Since its discovery in November of 2019, COVID-19 has grown to become a worldwide pandemic, forcing many people into the safety of their own homes—a process known as self-quarantining. However, many companies have taken the same precautions, allowing employees to work from home. But this move to remote working comes with a few risks, namely cybersecurity.
Unfortunately, security risks have become more common with more employees working from home. ZDNet reports that cyberattacks have increased nearly 240% during the pandemic. A large reason is that hackers know that so many people are working from home, which leaves company data more vulnerable.
One thing remote workers neglect is cybersecurity. Employees are used to the company securing their devices, locking down the network, and holding people responsible. As a remote worker, however, you’re responsible for your own security. But where do you start? How do you make sure your work computer is as secure as possible?
5 Ways to Secure Your Computer
1. Encrypt Your Data
Working from home means that there is one key thing you will be counting on, your network—either through Wi-Fi or Ethernet—to connect to your work and get things done. Unfortunately, personal networks rarely follow security standards of companies, and as a result, it’s much easier for cybercriminals to worm their way onto your personal network.
If a cybercriminal were able to do this, they would be able to view your activity, steal your data, and even potentially inject a virus onto your network. Obviously, you want to avoid this situation from happening. Avoiding this situation requires you to tighten up your network’s security, which means one thing: encryption.
VPNs make for great encryption tools. According to a guide on what is a VPN, a VPN can encrypt your device’s data and hide your IP address, meaning that even if a cybercriminal were to hop onto your network, they would still be unable to view your activity.
2. Watch Out for Scams
Scams run rampant, scammers littering every corner of the Internet. It’s been that way since…well, the Internet’s inception. And while many of us believe ourselves invulnerable to these scams, the facts say that thousands of users fall for scams every year, typically phishing scams.
Avoiding becoming part of that statistic requires that you stay vigilant for any scams that cross your path. This includes:
- Not clicking on any strange/suspicious links,
- Avoiding visiting random websites,
- Never entertaining spam emails.
Scammers have grown smarter, and many people find themselves victim to them every year. As a remote worker, it’s vital you don’t do the same thing.
You need to be especially careful with email. One study found that 92% of all malware was distributed with email.
3. Keep Your Computer (and Software) Up to Date
Software developers play catch-up when it comes to cybersecurity. Cybersecurity specialists and users alike discover new threats every day—ones that were previously unknown. For this reason, many software updates, whether it’s for your operating system or for an application you use occasionally, include security fixes.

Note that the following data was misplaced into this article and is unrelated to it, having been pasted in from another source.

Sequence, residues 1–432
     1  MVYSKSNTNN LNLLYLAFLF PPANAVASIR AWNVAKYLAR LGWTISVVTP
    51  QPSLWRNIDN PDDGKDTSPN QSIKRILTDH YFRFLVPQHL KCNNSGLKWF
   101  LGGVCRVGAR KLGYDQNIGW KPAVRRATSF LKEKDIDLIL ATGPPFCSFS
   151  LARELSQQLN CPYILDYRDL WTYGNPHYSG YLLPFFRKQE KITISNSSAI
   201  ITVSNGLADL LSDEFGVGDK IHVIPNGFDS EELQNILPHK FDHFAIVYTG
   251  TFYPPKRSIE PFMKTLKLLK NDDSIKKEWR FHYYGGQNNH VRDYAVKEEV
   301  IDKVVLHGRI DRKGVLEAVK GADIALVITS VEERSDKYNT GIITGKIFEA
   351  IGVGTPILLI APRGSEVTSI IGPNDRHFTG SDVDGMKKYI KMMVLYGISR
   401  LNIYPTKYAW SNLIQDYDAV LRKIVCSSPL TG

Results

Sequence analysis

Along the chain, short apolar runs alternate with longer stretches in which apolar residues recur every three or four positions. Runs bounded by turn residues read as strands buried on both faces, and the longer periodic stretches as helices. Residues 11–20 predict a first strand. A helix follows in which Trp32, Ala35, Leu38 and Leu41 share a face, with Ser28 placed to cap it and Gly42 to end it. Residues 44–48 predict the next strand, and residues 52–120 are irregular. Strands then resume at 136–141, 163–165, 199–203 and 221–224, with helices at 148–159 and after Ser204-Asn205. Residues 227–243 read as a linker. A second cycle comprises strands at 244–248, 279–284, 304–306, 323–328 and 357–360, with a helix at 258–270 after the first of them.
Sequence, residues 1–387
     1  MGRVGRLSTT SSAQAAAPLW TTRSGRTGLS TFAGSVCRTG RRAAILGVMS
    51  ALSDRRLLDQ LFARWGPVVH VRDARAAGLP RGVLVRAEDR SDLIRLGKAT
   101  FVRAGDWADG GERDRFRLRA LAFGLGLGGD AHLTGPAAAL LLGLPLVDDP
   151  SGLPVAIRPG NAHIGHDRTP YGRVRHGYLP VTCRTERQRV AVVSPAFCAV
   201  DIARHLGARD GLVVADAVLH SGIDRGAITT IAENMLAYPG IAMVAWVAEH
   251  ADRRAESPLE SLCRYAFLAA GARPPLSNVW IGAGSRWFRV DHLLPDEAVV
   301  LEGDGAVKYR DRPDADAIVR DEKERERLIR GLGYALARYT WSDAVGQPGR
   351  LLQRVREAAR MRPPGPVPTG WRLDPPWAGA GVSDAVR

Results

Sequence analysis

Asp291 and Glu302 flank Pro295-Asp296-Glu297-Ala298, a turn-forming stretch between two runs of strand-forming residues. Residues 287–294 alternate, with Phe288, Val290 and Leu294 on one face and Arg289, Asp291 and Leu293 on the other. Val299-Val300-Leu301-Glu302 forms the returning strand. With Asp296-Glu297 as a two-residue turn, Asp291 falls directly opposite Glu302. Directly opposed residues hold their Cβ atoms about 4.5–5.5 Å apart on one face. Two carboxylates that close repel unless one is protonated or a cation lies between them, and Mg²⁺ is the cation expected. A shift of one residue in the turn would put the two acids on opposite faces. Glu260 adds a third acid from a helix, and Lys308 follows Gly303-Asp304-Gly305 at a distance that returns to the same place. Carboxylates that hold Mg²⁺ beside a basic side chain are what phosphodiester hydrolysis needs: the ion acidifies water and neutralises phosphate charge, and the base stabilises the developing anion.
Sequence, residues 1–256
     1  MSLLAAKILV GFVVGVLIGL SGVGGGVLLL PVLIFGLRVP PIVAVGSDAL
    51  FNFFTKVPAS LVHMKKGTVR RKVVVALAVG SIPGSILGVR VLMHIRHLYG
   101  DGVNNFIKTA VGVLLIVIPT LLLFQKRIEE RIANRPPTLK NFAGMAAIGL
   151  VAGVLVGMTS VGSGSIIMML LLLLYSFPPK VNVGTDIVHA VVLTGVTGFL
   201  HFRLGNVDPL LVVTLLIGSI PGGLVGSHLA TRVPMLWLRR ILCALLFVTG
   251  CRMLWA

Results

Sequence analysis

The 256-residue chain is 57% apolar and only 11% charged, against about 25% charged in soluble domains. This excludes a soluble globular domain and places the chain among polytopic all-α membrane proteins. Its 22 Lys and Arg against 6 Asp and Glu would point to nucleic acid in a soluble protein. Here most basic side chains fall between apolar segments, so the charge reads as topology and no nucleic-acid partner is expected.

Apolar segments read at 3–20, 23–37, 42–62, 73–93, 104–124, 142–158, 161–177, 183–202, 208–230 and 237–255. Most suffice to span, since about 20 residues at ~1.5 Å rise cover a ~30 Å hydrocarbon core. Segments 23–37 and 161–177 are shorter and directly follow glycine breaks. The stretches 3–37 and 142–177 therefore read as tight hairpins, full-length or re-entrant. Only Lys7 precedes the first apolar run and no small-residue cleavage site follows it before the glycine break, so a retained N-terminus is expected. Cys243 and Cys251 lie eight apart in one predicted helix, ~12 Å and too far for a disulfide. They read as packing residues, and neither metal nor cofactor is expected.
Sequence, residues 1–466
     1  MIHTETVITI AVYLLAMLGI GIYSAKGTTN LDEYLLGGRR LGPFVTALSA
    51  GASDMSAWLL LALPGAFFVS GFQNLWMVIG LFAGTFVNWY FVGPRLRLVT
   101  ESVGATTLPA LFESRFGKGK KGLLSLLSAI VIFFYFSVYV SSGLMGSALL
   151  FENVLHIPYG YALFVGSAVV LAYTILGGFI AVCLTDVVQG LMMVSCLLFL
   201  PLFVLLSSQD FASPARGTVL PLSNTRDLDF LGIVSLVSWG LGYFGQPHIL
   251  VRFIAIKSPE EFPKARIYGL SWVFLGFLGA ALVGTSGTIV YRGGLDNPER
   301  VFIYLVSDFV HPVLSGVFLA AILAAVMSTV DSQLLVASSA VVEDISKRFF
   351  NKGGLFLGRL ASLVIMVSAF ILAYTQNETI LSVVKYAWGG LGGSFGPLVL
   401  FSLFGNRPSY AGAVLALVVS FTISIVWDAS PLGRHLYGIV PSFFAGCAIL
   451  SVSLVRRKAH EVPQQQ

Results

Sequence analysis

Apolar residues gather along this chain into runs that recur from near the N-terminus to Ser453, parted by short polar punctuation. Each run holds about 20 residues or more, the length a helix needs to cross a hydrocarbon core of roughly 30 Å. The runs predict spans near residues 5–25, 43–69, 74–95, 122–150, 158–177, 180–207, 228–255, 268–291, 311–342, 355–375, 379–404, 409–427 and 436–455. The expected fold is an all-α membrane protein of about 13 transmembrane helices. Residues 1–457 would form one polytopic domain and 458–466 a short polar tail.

These security fixes are vital for security. Without them, users become vulnerable to security threats they might not even know exist. Keeping your software updated is a good way to avoid having your programs or device hacked or exploited.
4. Never Overshare Personal Information
Personal information includes our names, addresses, phone numbers, financial information, and various other pieces of information that are vital to our daily lives. Because of this, cybercriminals love getting their hands on users’ personal information.
However, they sometimes don’t have to do much. Some users overshare on the Internet—through social media or online meetings—making it easy for any stalking cybercriminal to get their hands on that information.
Refrain from oversharing on the Internet. Even if you’re in a Zoom call with trusted colleagues, you should only share personal information through secure lines of communication, such as encrypted email.
5. Don’t Count Solely on Cloud Storage
Cloud storage services like OneDrive and Google Drive make it easy for users to back up their data, requiring little to no input from the user. However, convenience often comes at a cost. And for cloud storage services? Well, they’re not as secure as local backup methods.
Cloud storage services are vulnerable to data breaches and hacks, and if a service were to be hacked, you run the risk of not only having your data stolen, but lost as well.
To avoid this, backup all of your data through local methods instead. For example, an external SSD makes for a good backup tool.
Working from home has its own set of stressors, and of these stressors is security. Fortunately, practicing proper cybersecurity at home is not only easy, but readily available for most users. With these tips, you’ll be able to create a safe and secure environment for yourself.